The system 400 may also include one or more databases 420. The database(s) 420 may reside in a variety of locations. By way of example, a database 420 may reside on a storage medium local to (and/or resident in) one or more of the computers 402, 404, 406, 412, 414, 416, 418. Alternatively, it may be remote from any or all of the computers 402, 404, 406, 412, 414, 416, 418, and/or in communication (e.g., via the network 410) with one or more of these. In a particular set of embodiments, the database 420 may reside in a storage-area network (“SAN”) familiar to those skilled in the art. Similarly, any necessary files for performing the functions attributed to the computers 402, 404, 406, 412, 414, 416, 418 may be stored locally on the respective computer and/or remotely, as appropriate. In one set of embodiments, the database 420 may be a relational database, such as Oracle 10g, that is adapted to store, update, and retrieve data in response to SQL-formatted commands.
The computer system 500 may additionally include a computer-readable storage media reader 512, a communications system 514 (e.g., a modem, a network card (wireless or wired), an infra-red communication device, etc.), and working memory 518, which may include RAM and ROM devices as described above. In some embodiments, the computer system 500 may also include a processing acceleration unit 516, which can include a digital signal processor DSP, a special-purpose processor, and/or the like.
The computer-readable storage media reader 512 can further be connected to a computer-readable storage medium 510, together (and, optionally, in combination with storage device(s) 508) comprehensively representing remote, local, fixed, and/or removable storage devices plus storage media for temporarily and/or more permanently containing computer-readable information. The communications system 514 may permit data to be exchanged with the network and/or any other computer described above with respect to the system 500.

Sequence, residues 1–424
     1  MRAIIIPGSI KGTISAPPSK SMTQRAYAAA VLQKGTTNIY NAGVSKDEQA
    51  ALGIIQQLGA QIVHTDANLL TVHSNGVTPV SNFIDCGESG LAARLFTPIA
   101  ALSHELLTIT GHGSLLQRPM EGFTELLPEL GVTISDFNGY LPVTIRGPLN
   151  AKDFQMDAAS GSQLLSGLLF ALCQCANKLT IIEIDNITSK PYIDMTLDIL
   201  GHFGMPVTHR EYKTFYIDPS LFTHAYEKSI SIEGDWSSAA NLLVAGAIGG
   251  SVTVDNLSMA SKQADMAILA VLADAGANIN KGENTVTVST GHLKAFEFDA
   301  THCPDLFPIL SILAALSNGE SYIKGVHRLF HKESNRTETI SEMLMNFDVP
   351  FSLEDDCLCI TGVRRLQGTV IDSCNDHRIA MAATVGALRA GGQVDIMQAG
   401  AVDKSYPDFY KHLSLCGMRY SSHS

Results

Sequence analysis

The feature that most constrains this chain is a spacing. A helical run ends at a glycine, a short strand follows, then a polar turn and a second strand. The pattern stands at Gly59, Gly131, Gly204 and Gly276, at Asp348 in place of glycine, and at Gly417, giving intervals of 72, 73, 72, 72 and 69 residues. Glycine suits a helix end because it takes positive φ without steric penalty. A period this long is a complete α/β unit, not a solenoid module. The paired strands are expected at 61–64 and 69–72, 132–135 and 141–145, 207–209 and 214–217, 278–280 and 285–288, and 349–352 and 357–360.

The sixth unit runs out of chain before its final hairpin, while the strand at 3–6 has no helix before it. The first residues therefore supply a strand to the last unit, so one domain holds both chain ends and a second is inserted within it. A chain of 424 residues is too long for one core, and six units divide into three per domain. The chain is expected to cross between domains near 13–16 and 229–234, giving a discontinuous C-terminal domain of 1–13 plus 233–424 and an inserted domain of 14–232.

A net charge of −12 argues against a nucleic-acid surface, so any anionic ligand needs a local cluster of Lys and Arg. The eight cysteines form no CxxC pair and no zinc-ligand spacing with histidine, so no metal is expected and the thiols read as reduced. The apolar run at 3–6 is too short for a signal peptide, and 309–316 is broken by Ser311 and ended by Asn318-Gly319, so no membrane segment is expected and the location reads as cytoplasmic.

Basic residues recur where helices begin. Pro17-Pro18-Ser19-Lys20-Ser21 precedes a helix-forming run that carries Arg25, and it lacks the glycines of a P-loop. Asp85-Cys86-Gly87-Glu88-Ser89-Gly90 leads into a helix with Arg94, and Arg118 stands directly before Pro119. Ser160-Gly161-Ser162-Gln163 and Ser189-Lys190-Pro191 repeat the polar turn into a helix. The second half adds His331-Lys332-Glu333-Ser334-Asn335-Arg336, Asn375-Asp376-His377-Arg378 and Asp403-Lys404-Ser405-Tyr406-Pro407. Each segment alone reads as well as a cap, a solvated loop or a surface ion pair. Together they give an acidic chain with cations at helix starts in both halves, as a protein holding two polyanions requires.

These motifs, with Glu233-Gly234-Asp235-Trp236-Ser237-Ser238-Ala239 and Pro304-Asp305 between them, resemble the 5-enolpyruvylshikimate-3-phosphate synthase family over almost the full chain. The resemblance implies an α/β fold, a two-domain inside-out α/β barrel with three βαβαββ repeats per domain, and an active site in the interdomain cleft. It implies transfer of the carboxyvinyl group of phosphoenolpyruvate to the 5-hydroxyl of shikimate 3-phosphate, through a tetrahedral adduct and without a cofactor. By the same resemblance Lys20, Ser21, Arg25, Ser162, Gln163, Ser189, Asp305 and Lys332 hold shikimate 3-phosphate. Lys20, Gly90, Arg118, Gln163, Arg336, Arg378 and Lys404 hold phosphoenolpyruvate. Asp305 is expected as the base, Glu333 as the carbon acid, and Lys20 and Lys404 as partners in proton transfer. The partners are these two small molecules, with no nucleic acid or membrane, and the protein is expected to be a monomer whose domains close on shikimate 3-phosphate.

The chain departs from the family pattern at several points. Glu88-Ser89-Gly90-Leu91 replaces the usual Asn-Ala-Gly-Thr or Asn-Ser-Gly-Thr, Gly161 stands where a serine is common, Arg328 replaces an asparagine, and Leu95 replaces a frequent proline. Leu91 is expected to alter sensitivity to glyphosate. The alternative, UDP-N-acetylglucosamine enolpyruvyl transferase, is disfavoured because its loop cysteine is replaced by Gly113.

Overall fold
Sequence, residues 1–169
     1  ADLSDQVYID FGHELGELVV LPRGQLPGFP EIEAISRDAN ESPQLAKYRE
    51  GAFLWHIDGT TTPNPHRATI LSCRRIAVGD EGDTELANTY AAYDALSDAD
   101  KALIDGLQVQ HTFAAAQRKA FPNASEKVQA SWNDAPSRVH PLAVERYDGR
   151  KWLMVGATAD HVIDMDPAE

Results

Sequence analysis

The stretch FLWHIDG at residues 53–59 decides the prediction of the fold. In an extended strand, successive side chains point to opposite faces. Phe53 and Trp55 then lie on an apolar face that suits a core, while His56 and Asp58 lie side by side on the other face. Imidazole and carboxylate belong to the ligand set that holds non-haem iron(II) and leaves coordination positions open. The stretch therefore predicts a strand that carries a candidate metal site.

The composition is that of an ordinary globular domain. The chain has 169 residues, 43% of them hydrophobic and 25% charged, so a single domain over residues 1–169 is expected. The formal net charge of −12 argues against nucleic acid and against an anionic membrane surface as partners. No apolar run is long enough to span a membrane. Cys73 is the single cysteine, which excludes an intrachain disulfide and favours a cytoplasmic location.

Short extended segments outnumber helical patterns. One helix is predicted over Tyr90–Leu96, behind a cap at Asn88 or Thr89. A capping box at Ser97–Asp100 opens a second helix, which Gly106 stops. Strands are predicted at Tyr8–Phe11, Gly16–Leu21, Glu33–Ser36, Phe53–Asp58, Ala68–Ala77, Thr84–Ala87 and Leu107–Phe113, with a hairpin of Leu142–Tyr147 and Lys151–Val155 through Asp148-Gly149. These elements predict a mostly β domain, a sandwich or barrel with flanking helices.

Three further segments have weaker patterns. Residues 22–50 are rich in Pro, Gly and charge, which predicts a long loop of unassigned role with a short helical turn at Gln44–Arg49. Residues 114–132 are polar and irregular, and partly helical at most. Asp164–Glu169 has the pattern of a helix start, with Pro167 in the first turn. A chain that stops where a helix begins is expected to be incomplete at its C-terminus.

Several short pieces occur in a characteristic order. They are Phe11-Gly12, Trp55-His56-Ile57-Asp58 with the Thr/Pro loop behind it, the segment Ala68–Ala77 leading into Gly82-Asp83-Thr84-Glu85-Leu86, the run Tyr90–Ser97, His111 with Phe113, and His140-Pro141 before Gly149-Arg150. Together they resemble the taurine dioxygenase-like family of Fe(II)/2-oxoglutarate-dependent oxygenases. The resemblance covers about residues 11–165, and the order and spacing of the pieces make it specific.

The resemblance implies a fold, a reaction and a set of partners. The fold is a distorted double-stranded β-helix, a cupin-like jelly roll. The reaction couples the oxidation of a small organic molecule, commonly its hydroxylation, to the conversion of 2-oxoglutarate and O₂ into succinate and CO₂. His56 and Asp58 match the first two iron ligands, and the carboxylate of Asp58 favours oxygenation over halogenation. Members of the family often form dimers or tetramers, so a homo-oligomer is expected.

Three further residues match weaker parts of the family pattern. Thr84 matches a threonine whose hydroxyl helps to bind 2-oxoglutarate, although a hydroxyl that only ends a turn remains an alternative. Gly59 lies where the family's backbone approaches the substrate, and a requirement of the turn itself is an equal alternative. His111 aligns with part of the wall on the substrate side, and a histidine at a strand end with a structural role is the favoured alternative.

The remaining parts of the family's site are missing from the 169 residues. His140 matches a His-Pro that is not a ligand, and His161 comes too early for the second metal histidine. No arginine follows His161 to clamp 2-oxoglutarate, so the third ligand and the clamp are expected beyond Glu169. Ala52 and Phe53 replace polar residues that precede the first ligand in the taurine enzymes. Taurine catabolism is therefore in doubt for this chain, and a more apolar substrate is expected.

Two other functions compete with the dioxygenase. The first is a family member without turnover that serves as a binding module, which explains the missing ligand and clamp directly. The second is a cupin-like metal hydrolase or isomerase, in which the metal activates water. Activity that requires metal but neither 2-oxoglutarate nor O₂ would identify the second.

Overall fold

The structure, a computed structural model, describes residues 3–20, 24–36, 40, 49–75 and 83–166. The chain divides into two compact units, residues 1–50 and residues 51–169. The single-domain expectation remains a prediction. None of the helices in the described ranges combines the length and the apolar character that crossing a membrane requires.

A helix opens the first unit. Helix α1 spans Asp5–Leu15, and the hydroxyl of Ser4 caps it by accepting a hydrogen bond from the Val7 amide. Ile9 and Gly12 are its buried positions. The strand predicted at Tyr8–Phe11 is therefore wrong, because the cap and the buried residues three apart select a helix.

The computer system 500 may also comprise software elements, shown as being currently located within a working memory 518, including an operating system 520 and/or other code 522, such as an application program (which may be a client application, Web browser, mid-tier application, RDBMS, etc.). It should be appreciated that alternate embodiments of a computer system 500 may have numerous variations from that described above. For example, customized hardware might also be used and/or particular elements might be implemented in hardware, software (including portable software, such as applets), or both. Further, connection to other computing devices such as network input/output devices may be employed.
Storage media and computer readable media for containing code, or portions of code, can include any appropriate media known or used in the art, including storage media and communication media, such as but not limited to volatile and non-volatile, removable and non-removable media implemented in any method or technology for storage and/or transmission of information such as computer readable instructions, data structures, program modules, or other data, including RAM, ROM, EEPROM, flash memory or other memory technology, CD-ROM, digital versatile disk (DVD) or other optical storage, magnetic cassettes, magnetic tape, magnetic disk storage or other magnetic storage devices, data signals, data transmissions, or any other medium which can be used to store or transmit the desired information and which can be accessed by the computer. Based on the disclosure and teachings provided herein, a person of ordinary skill in the art will appreciate other ways and/or methods to implement the various embodiments.
The specification and drawings are, accordingly, to be regarded in an illustrative rather than a restrictive sense. It will, however, be evident that various modifications and changes may be made thereunto without departing from the broader spirit and scope of the invention as set forth in the claims. The scope of the invention should, therefore, be determined not with reference to the above description, but instead should be determined with reference to the pending claims along with their full scope or equivalents.
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|Cooperative Classification||G06T11/206, G06F7/49947|
|May 8, 2007||AS||Assignment|
Owner name: ORACLE INTERNATIONAL CORPORATION, CALIFORNIA
Free format text: ASSIGNMENT OF ASSIGNORS INTEREST;ASSIGNORS:HELFMAN, JONATHAN;GOLDBERG, JOSEPH H.;REEL/FRAME:019262/0047
Effective date: 20070425
|Jun 5, 2012||CC||Certificate of correction|
|Sep 2, 2015||FPAY||Fee payment|
Year of fee payment: 4